Mac Flecknoe Assignment
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John Dryden’s Mac Flecknoe - an exercise in literary snobbery
John Dryden’s mock-heroic satire Mac Flecknoe was written around 1678 and appeared in anunauthorized edition in October 1682. The poem was subtitled as: “A Satyr upon the True-Blue-Protestant Poet, T. S”. The poem is a direct attack on Thomas Shadwell, anotherprominent poet and playwright of the Restoration Era. He was the professed imitator of BenJohnson and his witty conversations and humorous writings made him popular in the era. Inthe poem, Dryden tried to depict Shadwell as the heir of Richard Flecknoe’s kingdom ofdullness. In this paper, Mac Flecknoe will be discussed as an exercise in literary snobbery bydiscoursing Dryden’s context and mock-heroic style of writing to satirize Shadwell’spretensions of poetic glory.
Dryden’s satire, Mac Flecknoe means “son of Flecknoe” as “Mac” means “son” in the Gaeliclanguage. The poem attacks Thomas Shadwell, lawful heir of Richard Flecknoe, who isruling “realms of Nonsense” for a long time. Richard Flecknoe was an Irish Catholic priestand minor poet and was once ridiculed by Andrew Marvell in a poem entitled ‘Flecknoe, anEnglish Priest at Rome”. Dryden was engaged in a literary debate with Shadwell on rhyme,wit, and humour and found out that he had no proper understanding of the true wit or merit ofBen Johnson whom he imitates. They have professional rivalry between them becauseDryden was appointed as the Poet Laureate in 1668 but later Shadwell succeeded him in theyear 1685. The Exclusion Bill of 1679 ceased the revelry and entertainment of theRestoration court and society which caused political turmoil which affected the fraternity ofpeople in the society and turned friends into enemies, like Dryden and Shadwell. As Shadwellwas a protestant Whig, he is referred to as “True-Blue-Protestant” in the poem’s subtitle. Dueto the Reformation, Christianity was divided into two groups and the Church lost its powerover political and social issues
The poetic satire of the late seventeenth and early eighteenth century is obsessed with thedistinction between high and low art forms which increased a boundary between genuineliterature and ephemeral rubbish and was linked with the question of literary merit. AlexanderPope’s Dunciad, John Dryden’s Mac Flecknoe, and Jonathan Swift’s Tale of a Tub weresatirizing the propagation of popular and populist pamphlets, novels and poems which wereflooding the literary marketplace. All of these happened due to the commercialization ofliterary culture and the rise of professional writers who do not write for gaining patronage butto earn money and maintain their livelihood without being tied to an aristocratic patron. Theywere collectively known as Grub Street.
Dryden gave his satire a narrative form and solemnity and grandeur of Homeric epical stylewith ingenious rhyming couplets of iambic pentameter which is also known as heroic couplet.Mac Flecknoe employs meter, rhyme, and elevated language of the epic to make an ironicpoint. It presents an imaginary coronation of the pseudo-literary sphere. Shadwell being thesuccessor of Ben Johnson and Richard Flecknoe being elevated to the great Roman Empire,Augustus was the point of sheer scorn. The poem describes how Flecknoe was, “blest withissues of a large increase”. The poem also refers to Shadwell as “Mature in dullness” and“confirmed in full stupidity”. According to Dryden, no ray of Enlightenment has “strikethrough” the intelligence of Shadwell as his “genuine night admits no ray’. Shadwell’sdimness even prevents the beams of daylight as the poem says, “His rising fogs prevail uponthe day”. The poem even comments upon his large stature as “goodly fabric” and comparedhis “thoughtless” nature with a dumb “oak”. The poet also portrays images of Shadwellcoming up from the Thames to accept his reign to satirize the poetic feet and rhyme ofShadwell’s works. Dryden sets the reign of Shadwell in the brothel district of London,Augusta which is surrounded by prostitutes. The mock-heroic style of Dryden’s satire isdiminishing Shadwell while sardonically connecting him with enormity. During hiscoronation, the streets are filled with “scattered limbs of mangled poets” and their literaryworks and according to Dryden, Shadwell’s reign is the destruction of true poetry. Shadwellreigned the throne with the vow of maintaining “true dullness” and war with the “wit” and“sense”. Dryden refers to the legend of twelve owls which symbolize darkness and stupidityand says that those owls flew from Shadwell’s “left hand” and it confirms the beginning ofhis reign. It is the sarcastic echo of Romulus’s establishment of Rome while he saw twelvevultures or crows. Flecknoe seeks divine blessings for Shadwell’s advancement in “newimpudence, new ignorance” and advised Shadwell to maintain his talent so that he will beable to write verses like him, “Like mine they gentle numbers feebly creep”. Towards the endof the poem, Dryden advised Shadwell to try a lower form of poetry like acrostics.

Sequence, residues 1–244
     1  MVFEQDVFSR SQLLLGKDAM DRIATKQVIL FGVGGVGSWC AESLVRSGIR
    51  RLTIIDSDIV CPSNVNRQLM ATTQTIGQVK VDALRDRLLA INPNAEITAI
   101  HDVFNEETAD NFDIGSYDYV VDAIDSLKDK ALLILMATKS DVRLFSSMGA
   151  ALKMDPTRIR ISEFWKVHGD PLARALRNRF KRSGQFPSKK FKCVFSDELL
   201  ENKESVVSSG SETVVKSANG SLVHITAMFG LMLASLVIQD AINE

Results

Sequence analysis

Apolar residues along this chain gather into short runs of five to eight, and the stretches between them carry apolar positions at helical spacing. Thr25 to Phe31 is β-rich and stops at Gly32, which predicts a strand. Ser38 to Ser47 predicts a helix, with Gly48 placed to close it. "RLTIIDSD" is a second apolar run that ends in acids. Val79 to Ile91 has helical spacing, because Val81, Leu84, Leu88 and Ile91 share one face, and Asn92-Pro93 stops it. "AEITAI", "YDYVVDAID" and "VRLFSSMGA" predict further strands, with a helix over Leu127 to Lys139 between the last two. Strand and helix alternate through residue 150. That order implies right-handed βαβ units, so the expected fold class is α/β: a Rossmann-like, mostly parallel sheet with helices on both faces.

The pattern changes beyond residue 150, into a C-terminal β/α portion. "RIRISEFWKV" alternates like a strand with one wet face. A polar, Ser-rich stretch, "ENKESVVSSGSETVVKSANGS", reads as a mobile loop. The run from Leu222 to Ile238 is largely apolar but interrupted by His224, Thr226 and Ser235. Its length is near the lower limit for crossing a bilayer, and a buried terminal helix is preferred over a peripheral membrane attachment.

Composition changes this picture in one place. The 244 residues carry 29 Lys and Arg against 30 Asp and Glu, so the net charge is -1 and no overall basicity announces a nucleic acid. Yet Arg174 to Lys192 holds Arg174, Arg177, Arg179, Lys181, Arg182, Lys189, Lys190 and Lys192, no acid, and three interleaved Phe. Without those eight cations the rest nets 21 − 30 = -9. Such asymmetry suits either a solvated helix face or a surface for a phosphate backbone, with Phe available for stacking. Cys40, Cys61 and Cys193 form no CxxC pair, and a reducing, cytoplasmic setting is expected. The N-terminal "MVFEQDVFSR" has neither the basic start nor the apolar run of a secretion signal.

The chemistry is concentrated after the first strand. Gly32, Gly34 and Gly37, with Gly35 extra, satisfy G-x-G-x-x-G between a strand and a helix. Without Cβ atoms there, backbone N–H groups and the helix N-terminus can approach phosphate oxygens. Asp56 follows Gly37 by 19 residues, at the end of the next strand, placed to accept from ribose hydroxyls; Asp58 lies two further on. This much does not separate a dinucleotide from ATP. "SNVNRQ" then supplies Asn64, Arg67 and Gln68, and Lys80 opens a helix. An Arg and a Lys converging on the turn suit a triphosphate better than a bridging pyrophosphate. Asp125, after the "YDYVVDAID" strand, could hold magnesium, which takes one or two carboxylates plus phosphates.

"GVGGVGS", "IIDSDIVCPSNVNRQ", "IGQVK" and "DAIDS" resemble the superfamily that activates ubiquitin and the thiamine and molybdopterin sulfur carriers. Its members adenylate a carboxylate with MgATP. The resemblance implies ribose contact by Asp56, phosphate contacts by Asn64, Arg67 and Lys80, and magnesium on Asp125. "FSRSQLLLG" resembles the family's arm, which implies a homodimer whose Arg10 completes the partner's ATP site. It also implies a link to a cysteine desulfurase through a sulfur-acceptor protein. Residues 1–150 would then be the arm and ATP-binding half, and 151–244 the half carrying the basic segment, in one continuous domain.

Hence, Dryden’s scornful attitude dramatically turned into Flecknoe’s praise for Shadwell.Dryden’s use of several allusions plays a vital role in the satire but it is also obscure formodern writers as he used contemporary allusions by bringing phrases about John the Baptist.Dryden narrated the satire in the style of third-person omniscient narrators of classical epicslike The Iliad and The Aeneid, but gradually the poet inserts himself into the story as the firstperson. Dryden’s political satire had “public” themes but Mac Flecknoe is a personal andparochial satire that articulated a broader view about the importance of having good taste andpoetic talent in a nation